Dear Suzie, About 18 months ago, I went to my best friend’s bachelorette party in Las Vegas. I got drunk and ended up having oral sex with one of the male strippers. I told my husband about it the very next day. He’s already forgiven me and begged me to let it go, but I just can’t seem to do it. I am the last person anyone would think would do something like that. I feel so dirty, so guilty, and so filled with self-loathing. Every time I think of what I did, I feel like throwing up. Now the shame and guilt has gotten to a point where it’s ruining everything in my life, my work and my marriage. I know I need to let it go, but how do I get past the fact that I did something so dirty?
Your situation reminds me of a story. One day, a woman called up a therapist on the phone and said “I don’t think you can help me. I really don’t deserve to be helped because no matter what I do, I can’t seem to stop sleeping with married men.” To which the therapist said…
“Thank you for sharing your opinion, but why don’t you wait to hear mine?”
“Well,” continued the caller, “when I was six years old, my older brother began molesting me, sexually used me like a sex object until I was seventeen. Every time he came into my bedroom at night, I would lay there frozen with fear. I felt dirty, inferior, inadequate, and ashamed. But I was too afraid to tell anyone because I knew they would know it was my fault. Every night while he was doing those things to me, I used to pray to God to send the Archangel Michael to save me.”
“But God never answered.”
“As soon as I could, I got a job away from home so I wouldn’t have to deal with it anymore. I hoped that having a job would give me back some self-respect. I got a job in a corporate office doing secretarial things like filing and typing. Soon after I began working there, I met one of the partners in the company who was several years older than me and married. Before I knew it, I was sleeping with him in the office after hours. At first, it was exciting and I felt wanted. But soon, it became shameful and I became frozen with terror on the nights I had to go to work. Eventually, it all got to be too much, and so I quit that job. But I still kept seeing the married man, even though I felt ashamed, inferior, indecent, and embarrassed. So then, I thought that maybe if I got a college degree, it would give me a feeling of self-respect, so I went away to college.”
“But the same thing happened again.”
“This time, it was married professors and the men who would hire me for part-time secretarial work. When I finished college, it became clear to me that even a four-year degree wasn’t enough to give me a feeling of respect. So I went back for a master’s degree. But that didn’t work either.”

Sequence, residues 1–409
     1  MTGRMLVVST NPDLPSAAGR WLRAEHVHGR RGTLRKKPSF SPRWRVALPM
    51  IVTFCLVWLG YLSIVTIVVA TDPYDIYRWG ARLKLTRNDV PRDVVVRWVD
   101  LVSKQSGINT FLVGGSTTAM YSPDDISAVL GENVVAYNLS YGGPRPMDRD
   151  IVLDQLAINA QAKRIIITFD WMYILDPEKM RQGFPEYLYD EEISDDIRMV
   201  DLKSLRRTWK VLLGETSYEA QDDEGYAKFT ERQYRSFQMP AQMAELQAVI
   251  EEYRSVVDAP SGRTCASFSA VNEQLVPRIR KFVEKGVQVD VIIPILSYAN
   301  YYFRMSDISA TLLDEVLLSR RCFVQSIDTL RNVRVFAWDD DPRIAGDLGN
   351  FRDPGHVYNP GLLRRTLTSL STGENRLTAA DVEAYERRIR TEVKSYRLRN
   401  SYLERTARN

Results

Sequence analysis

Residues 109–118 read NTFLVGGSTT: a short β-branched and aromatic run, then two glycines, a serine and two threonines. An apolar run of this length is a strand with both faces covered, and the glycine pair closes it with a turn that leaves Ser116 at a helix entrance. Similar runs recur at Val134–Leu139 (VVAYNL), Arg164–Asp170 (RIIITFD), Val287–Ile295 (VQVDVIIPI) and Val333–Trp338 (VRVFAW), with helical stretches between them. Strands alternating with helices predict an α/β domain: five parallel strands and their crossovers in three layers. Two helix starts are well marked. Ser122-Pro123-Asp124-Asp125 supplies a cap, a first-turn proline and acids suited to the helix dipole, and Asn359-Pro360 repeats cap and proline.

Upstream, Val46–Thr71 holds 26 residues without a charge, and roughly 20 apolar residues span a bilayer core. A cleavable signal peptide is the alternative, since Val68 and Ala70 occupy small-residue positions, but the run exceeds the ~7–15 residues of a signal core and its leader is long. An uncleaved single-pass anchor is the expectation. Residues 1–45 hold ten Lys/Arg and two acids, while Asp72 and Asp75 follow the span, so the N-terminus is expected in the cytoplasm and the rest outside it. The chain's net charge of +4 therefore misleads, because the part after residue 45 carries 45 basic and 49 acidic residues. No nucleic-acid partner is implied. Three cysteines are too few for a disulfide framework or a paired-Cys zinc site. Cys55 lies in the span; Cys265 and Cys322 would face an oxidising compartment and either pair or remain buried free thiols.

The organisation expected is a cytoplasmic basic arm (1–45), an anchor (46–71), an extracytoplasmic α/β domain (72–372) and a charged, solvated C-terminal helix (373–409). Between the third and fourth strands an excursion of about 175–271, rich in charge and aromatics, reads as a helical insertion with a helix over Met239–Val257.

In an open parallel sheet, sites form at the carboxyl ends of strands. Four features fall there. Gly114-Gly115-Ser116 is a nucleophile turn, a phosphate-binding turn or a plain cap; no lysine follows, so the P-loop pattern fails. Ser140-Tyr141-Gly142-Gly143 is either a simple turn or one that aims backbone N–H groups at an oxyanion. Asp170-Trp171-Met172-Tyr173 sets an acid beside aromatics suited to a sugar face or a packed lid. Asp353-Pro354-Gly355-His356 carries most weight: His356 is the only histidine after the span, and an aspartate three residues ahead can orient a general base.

“All throughout this time, I found myself in one extramarital relationship after another. Married man after married man kept propositioning me, and I never felt like I could resist. You would think that with all the screwing around I was doing, it was for the fun of it. But it wasn’t.”
“For me, sex is a horrible experience because I don’t like men.”
“I find them threatening. Their bodies are hairy and ugly. But even though I feel like filth, I still have sex with them whenever they ask me to. It’s like I have no will of my own. Once a man propositions me, I get helpless and weak and passive. Today, I can honestly tell you that I have never had a relationship with a man who wasn’t committed to somebody else. At this point, I feel like I don’t deserve anything else. I called you because it’s over the phone and I don’t ever have to meet you. I’m so ashamed and embarrassed.”
Here’s what the therapist said:
“So far, you’ve told me a very unhappy story. And yet, it’s not just the facts of your story that make it so unhappy. What makes it most unhappy is how fiercely you cling to it. You tell me that when married men proposition you, you can’t resist. You tell me that your resistance is weak. You tell me that you are afraid of men and find them ugly and threatening. By your own diagnosis, you say your problem is that you have a weak resistance, but I disagree with your diagnosis. I don’t believe your resistance is weak. I believe the opposite is true.”
“You have incredible amounts of resistance.”
“Think about it…
“In all this time, you’ve managed to resist healing. You’ve managed to resist changing. You’ve resisted letting go of your sad childhood story. You’ve resisted doing things that make you feel good about yourself. You’ve resisted opportunities to find and date available men. You also say you don’t get any pleasure in what you’ve been doing. I’m not so sure because as far as I can see, you have taken great pleasure in resisting change. This is why, in my opinion, your main problem is that when it comes to diagnosing your own problems, you’ve done it backwards.